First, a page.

From the Wish & Wander series

An overworn concept ineptly executed.

A self-absorbed, risk-averse teen with a secret crush finds herself reliving the last day of a class trip to Paris.

Atop the Eiffel Tower, Eve, 14, summons the nerve to tell Jace she likes him only to discover him kissing her best friend, Reggie. Eve witnesses pretty, popular Reggie buy a love lock to seal her romance with Jace from a mysterious palm reader, who gives Eve a key and cryptic advice. Later, Eve uses her key to open the lock and hurls it in the Seine. Next morning, she awakens to relive the awful day, the first of many repeats that lead her to focus on what she has power to change, including her reaction to her parents’ imminent divorce. As each iteration brings new developments and oracular pronouncements from the palm reader, Eve discovers she’s not the only one reliving that day. Borrowing a popular plot device familiar from the film Groundhog Day (1993) and studded with Parisian tourist-attraction references, the novel fails to persuade. Eve and the challenges she must overcome—parental divorce, unfamiliar foods, jealousy, and lack of empathy—are real but universal, too commonplace to merit occult intervention, the stakes too low to justify the effort. Repetition reinforces both the book’s structural weaknesses and Eve’s character flaws. Eve appears white; while a few names and references to skin color and/or hairstyle imply diversity, characters are largely interchangeable. A concluding paragraph hints at a sequel set in Rome.

An overworn concept ineptly executed. (author’s note) (Fantasy. 11-14)

Pub Date: July 14, 2020

ISBN: 978-1-63163-437-6

Page Count: 224

Publisher: Jolly Fish Press

Review Posted Online: March 24, 2020

Kirkus Reviews Issue: April 15, 2020


From the School for Good and Evil series , Vol. 1

Rich and strange (and kitted out with an eye-catching cover), but stronger in the set pieces than the internal logic.

Chainani works an elaborate sea change akin to Gregory Maguire’s Wicked (1995), though he leaves the waters muddied.

Every four years, two children, one regarded as particularly nice and the other particularly nasty, are snatched from the village of Gavaldon by the shadowy School Master to attend the divided titular school. Those who survive to graduate become major or minor characters in fairy tales. When it happens to sweet, Disney princess–like Sophie and  her friend Agatha, plain of features, sour of disposition and low of self-esteem, they are both horrified to discover that they’ve been dropped not where they expect but at Evil and at Good respectively. Gradually—too gradually, as the author strings out hundreds of pages of Hogwarts-style pranks, classroom mishaps and competitions both academic and romantic—it becomes clear that the placement wasn’t a mistake at all. Growing into their true natures amid revelations and marked physical changes, the two spark escalating rivalry between the wings of the school. This leads up to a vicious climactic fight that sees Good and Evil repeatedly switching sides. At this point, readers are likely to feel suddenly left behind, as, thanks to summary deus ex machina resolutions, everything turns out swell(ish).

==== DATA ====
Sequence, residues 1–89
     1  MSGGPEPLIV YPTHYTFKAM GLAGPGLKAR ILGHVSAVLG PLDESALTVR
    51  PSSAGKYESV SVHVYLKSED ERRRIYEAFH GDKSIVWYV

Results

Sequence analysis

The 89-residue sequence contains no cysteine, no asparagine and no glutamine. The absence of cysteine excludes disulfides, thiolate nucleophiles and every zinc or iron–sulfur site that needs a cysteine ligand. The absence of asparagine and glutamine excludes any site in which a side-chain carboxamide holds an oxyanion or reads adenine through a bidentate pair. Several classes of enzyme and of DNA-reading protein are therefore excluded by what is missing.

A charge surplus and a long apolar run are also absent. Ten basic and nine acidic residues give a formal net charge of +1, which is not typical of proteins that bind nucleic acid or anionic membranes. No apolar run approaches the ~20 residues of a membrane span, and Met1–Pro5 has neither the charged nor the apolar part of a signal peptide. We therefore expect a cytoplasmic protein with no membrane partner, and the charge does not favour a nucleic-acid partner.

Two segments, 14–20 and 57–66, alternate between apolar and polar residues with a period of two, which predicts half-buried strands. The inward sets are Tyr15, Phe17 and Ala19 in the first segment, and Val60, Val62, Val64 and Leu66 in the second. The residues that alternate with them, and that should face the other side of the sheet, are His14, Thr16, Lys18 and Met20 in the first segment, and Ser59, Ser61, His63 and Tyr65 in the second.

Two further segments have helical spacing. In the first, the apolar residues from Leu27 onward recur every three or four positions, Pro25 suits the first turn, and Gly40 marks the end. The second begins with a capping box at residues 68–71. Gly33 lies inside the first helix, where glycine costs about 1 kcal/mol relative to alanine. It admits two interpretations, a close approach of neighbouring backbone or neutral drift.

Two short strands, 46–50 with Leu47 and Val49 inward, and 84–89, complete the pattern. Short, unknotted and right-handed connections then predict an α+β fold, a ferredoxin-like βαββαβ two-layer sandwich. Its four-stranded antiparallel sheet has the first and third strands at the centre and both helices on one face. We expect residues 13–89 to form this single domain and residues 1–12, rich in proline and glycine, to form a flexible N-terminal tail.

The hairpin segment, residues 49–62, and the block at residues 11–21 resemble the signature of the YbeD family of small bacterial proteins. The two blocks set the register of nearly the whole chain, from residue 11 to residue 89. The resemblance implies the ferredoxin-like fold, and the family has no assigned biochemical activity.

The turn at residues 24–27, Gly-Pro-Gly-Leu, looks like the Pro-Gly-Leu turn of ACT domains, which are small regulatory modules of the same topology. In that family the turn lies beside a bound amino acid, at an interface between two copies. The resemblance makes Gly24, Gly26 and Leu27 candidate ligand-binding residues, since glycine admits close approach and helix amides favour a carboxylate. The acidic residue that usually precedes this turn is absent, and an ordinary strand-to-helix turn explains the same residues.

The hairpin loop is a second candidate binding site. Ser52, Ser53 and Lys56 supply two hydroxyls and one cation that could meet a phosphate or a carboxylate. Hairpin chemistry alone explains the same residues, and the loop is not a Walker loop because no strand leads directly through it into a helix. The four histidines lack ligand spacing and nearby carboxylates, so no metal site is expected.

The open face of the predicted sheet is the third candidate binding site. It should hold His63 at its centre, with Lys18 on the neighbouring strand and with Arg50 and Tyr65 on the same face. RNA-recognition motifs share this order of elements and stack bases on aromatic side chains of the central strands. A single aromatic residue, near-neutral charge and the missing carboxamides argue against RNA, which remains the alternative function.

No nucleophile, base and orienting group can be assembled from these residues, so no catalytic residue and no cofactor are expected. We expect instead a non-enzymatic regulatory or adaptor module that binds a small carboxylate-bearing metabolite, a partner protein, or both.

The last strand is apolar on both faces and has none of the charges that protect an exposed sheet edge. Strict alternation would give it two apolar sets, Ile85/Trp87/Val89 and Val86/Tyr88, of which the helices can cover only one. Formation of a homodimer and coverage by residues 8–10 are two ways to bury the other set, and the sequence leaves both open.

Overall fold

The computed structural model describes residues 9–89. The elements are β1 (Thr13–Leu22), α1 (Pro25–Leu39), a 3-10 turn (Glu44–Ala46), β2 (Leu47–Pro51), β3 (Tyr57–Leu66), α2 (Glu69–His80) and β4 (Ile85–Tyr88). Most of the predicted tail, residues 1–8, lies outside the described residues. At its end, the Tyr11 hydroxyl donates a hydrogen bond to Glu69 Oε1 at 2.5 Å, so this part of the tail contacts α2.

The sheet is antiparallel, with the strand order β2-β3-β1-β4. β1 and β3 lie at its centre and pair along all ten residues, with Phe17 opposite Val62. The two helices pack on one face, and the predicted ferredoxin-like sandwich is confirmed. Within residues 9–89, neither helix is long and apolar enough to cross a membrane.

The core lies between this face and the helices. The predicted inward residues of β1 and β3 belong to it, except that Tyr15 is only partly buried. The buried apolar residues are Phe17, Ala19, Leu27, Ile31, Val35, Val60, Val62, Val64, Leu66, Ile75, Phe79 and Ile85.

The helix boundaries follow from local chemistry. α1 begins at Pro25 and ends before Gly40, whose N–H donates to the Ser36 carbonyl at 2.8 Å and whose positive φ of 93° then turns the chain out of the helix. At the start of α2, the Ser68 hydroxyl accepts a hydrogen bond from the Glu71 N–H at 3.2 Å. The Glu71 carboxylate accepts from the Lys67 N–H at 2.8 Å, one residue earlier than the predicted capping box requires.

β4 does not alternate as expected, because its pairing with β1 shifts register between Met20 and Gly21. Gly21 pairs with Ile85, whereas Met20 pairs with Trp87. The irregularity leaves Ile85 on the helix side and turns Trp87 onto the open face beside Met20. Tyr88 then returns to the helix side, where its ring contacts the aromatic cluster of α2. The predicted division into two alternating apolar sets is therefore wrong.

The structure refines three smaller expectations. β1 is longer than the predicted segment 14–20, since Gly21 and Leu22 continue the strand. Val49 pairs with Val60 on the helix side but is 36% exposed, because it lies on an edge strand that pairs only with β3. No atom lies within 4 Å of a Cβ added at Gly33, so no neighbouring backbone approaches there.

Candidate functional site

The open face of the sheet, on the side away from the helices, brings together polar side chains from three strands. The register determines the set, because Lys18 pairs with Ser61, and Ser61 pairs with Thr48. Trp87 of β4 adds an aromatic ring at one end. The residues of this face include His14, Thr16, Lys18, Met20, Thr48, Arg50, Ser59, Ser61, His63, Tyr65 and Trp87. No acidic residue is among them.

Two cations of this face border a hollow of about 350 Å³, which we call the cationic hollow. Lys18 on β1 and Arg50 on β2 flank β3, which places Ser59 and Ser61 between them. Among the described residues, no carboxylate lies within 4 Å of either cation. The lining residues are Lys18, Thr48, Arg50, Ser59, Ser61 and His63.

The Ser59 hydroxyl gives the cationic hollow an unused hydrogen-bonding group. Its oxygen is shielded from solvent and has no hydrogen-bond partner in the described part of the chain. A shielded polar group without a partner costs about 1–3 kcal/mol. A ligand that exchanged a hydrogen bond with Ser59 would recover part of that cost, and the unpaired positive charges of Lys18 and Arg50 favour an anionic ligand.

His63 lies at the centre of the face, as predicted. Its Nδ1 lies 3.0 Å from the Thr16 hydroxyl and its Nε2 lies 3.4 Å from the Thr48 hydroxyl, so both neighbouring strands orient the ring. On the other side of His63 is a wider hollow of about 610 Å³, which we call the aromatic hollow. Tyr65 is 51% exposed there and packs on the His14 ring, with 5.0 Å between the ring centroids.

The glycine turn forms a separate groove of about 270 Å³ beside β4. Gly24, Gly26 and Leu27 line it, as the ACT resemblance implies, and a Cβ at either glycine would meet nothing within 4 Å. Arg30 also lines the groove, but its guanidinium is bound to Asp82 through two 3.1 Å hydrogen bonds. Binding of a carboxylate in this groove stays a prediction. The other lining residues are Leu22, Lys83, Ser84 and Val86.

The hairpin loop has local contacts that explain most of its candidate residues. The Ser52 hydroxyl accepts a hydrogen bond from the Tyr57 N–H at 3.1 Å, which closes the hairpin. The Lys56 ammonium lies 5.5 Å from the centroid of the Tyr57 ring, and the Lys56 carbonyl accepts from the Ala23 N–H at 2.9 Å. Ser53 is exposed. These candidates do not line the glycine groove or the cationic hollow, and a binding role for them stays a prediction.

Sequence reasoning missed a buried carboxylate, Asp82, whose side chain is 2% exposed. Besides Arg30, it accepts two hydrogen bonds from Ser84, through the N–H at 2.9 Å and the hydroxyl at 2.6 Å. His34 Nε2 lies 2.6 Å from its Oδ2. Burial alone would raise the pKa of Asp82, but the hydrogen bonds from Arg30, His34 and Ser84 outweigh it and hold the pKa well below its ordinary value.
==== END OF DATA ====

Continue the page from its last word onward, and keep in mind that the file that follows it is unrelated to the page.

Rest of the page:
Rich and strange (and kitted out with an eye-catching cover), but stronger in the set pieces than the internal logic. (Fantasy. 11-13)

Pub Date: May 14, 2013

ISBN: 978-0-06-210489-2

Page Count: 496

Publisher: Harper/HarperCollins

Review Posted Online: Feb. 12, 2013

Kirkus Reviews Issue: April 15, 2013


From the School for Good and Evil series , Vol. 3

Ultimately more than a little full of itself, but well-stocked with big themes, inventively spun fairy-tale tropes, and...

Good has won every fairy-tale contest with Evil for centuries, but a dark sorcerer’s scheme to turn the tables comes to fruition in this ponderous closer.

Broadening conflict swirls around frenemies Agatha and Sophie as the latter joins rejuvenated School Master Rafal, who has dispatched an army of villains from Capt. Hook to various evil stepmothers to take stabs (literally) at changing the ends of their stories. Meanwhile, amid a general slaughter of dwarves and billy goats, Agatha and her rigid but educable true love, Tedros, flee for protection to the League of Thirteen. This turns out to be a company of geriatric versions of characters, from Hansel and Gretel (in wheelchairs) to fat and shrewish Cinderella, led by an enigmatic Merlin. As the tale moves slowly toward climactic battles and choices, Chainani further lightens the load by stuffing it with memes ranging from a magic ring that must be destroyed and a “maleficent” gown for Sophie to this oddly familiar line: “Of all the tales in all the kingdoms in all the Woods, you had to walk into mine.” Rafal’s plan turns out to be an attempt to prove that love can be twisted into an instrument of Evil. Though the proposition eventually founders on the twin rocks of true friendship and family ties, talk of “balance” in the aftermath at least promises to give Evil a fighting chance in future fairy tales. Bruno’s polished vignettes at each chapter’s head and elsewhere add sophisticated visual notes.

Ultimately more than a little full of itself, but well-stocked with big themes, inventively spun fairy-tale tropes, and flashes of hilarity. (Fantasy. 11-13)

Pub Date: July 21, 2015

ISBN: 978-0-06-210495-3

Page Count: 672

Publisher: Harper/HarperCollins

Review Posted Online: June 25, 2015

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